Prayer meetings were also influential in revivals in Scotland. Prior to the awakening in 1742, numerous prayer societies had sprung up. One was in Kilsyth. Its society for prayer was first established in 1721, flour­ished for some years, then died out in the 1730s, but was resurrected in 1742 just before revival broke out. During the meetings, there were public prayers, psalm-singing, Scripture reading, and discussion based on questions from Thomas Vincent’s book on the Shorter Catechism.9

During the Great Awakening in Scotland, prayer meetings often began with children, then spread to adults. For example, a schoolteacher in the parish of Baldernock allowed four students to meet on their own for prayer and psalm-singing. According to The Parish of Baldernock, “In the course of two weeks, ten or twelve more (children) were awakened and under deep con­victions. Some of these were not more than eight or nine years of age, and others twelve or thirteen. And so much were they engrossed with the one thing needful as to meet thrice a day in the morning, at midday, and at night.” Adults then began holding prayer meetings two or more times a week. There were many conver­sions at both the adult and the children’s meetings.

The fervor spread to other parishes. The Parish of Kirkintillock reports: “In the month of April, 1742, about sixteen children in the town were observed to meet together in a barn for prayer. Mr. Burnside (their pastor) heard of it, had frequent meetings with them, and they continued to improve. And this being reported, many more were impressed. Soon after, about a hundred and twenty (children) were under a more than ordinary concern, and praying societies, as usual, were formed.”

Johnston’s reaction to that awakening was to affirm and support the prayers of children. “Why not encourage children’s prayer-meetings? Why may not God still perfect praises to the glory of his grace, out of the mouth of babes?” he asked.10

Jonathan Edwards supported that view. In answer­ing objections some had to children’s prayer meetings, he wrote,

“God, in this work, has shown a remarkable regard to little children; never was there such a glorious work amongst persons in their childhood, as has been of late in New England. He has been pleased, in a wonderful manner, to perfect praise out of the mouths of babes and sucklings; and many of them have more of that knowledge and wisdom that please him, and render their religious worship acceptable, than many of the great and learned men of the world. I have seen many happy effects of children’s religious meetings; and God has seemed often remarkably to own them in their meetings, and really descended from heaven to be amongst them. I have known several probable instances of children being converted at such meetings.”11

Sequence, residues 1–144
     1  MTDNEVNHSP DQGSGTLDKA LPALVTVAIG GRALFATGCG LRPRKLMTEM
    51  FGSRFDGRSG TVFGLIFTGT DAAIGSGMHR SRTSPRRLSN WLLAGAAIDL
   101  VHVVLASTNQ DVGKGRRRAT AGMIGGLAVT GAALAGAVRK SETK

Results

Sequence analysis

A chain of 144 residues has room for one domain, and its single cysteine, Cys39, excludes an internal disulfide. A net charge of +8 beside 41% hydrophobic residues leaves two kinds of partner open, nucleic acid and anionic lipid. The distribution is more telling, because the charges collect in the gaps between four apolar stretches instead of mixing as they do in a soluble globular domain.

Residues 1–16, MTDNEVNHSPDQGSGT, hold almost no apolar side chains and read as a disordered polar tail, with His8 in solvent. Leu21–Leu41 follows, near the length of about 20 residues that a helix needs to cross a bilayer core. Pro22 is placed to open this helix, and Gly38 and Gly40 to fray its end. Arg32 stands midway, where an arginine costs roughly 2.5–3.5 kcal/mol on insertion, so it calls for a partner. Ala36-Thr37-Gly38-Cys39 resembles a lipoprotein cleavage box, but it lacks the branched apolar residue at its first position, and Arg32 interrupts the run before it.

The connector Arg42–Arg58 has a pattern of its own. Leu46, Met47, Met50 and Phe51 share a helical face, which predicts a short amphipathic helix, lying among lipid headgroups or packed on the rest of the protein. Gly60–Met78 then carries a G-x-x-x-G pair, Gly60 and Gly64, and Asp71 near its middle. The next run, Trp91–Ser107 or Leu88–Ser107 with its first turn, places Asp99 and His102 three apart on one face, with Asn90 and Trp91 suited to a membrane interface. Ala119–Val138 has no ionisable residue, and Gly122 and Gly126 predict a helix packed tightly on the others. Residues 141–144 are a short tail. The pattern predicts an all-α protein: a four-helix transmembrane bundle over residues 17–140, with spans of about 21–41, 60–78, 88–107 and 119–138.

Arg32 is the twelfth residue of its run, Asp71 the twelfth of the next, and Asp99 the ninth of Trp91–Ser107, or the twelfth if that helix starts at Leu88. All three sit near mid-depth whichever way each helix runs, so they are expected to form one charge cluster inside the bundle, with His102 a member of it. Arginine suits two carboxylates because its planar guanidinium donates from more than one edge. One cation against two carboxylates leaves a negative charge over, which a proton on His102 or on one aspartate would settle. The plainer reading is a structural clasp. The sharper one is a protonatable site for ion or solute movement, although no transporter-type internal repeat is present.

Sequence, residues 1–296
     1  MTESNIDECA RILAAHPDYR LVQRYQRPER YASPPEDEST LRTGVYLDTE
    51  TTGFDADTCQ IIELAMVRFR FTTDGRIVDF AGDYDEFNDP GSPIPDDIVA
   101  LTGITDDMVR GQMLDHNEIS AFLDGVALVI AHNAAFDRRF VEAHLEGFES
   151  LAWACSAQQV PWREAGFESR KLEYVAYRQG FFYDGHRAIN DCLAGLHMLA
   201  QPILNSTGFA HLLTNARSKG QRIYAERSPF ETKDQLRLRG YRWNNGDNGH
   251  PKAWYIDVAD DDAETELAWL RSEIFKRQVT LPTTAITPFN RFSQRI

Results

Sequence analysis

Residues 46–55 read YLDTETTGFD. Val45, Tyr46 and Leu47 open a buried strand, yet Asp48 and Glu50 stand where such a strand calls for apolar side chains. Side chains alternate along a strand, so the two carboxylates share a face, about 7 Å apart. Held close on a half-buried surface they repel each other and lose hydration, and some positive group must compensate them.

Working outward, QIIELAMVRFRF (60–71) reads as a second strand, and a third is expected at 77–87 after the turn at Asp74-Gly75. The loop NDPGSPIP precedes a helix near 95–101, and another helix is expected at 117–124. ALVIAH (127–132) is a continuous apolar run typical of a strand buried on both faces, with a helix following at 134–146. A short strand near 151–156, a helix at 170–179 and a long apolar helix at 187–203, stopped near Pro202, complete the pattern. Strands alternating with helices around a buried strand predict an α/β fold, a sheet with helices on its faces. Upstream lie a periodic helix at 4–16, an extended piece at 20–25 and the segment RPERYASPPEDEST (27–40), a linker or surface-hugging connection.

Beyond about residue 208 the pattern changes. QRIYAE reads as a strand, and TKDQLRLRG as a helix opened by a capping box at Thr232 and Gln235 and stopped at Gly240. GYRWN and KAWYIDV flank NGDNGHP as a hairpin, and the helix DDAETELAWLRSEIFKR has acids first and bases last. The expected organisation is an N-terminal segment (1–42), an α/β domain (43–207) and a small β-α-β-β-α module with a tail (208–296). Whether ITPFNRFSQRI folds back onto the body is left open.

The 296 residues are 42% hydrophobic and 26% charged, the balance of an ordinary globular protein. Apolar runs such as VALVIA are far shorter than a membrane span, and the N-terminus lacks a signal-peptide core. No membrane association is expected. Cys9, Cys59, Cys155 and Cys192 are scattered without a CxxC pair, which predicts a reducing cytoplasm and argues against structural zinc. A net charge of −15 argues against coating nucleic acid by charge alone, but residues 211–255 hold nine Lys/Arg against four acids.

In 1747, Edwards published An Humble Attempt to promote an explicit agreement and visible union of God’s people through the world, in extraordinary prayer, for the revival of religion and the advancement of Christ’s king­dom on earth. Usually referred to thereafter as An Humble Attempt, this book was reprinted by Christian Focus in 2003 as A Call to United, Extraordinary Prayer. Edwards said he was motivated to write on “a concert of prayer” for two reasons: first, he realized that the revivals of the mid-1730s and the early 1740s would not recur until God’s people engaged in earnest prayer for revival. Second, he wanted to provide additional theological support for a document simply called Memorial, written by some Scottish pastors.

David Bryant tells us the story of Memorial:

Rising out of scores of prayer societies already functioning in Scotland around 1740, especially among young people, by 1744 a committee of ministers determined it was time to do more. They decided to try a two-year ‘experiment,’ uniting all prayer groups and praying Christians in their nation into a common prayer strategy. They called for focused revival prayer on every Saturday evening and Sunday morning, as well as on the first Tuesday of each quarter. By 1746 they were so gratified by the impact of their experiment that they composed a call to prayer to the church worldwide, especially in the colonies (Memorial). However, this time the ‘concert of prayer’ was to be for seven years.12

Citing Zechariah 8:20-22, Edwards said that God’s rich promises encourage us to expect great success from corporate prayer. He said: “That which God abun­dantly makes the subject of his promises, God’s people should abundantly make the subject of their prayers.” He concluded that when believers persevere in united, concerted prayer, God will grant a fresh revival, which “shall be propagated, till the awakening reaches those that are in the highest stations, and till whole nations be awakened.”13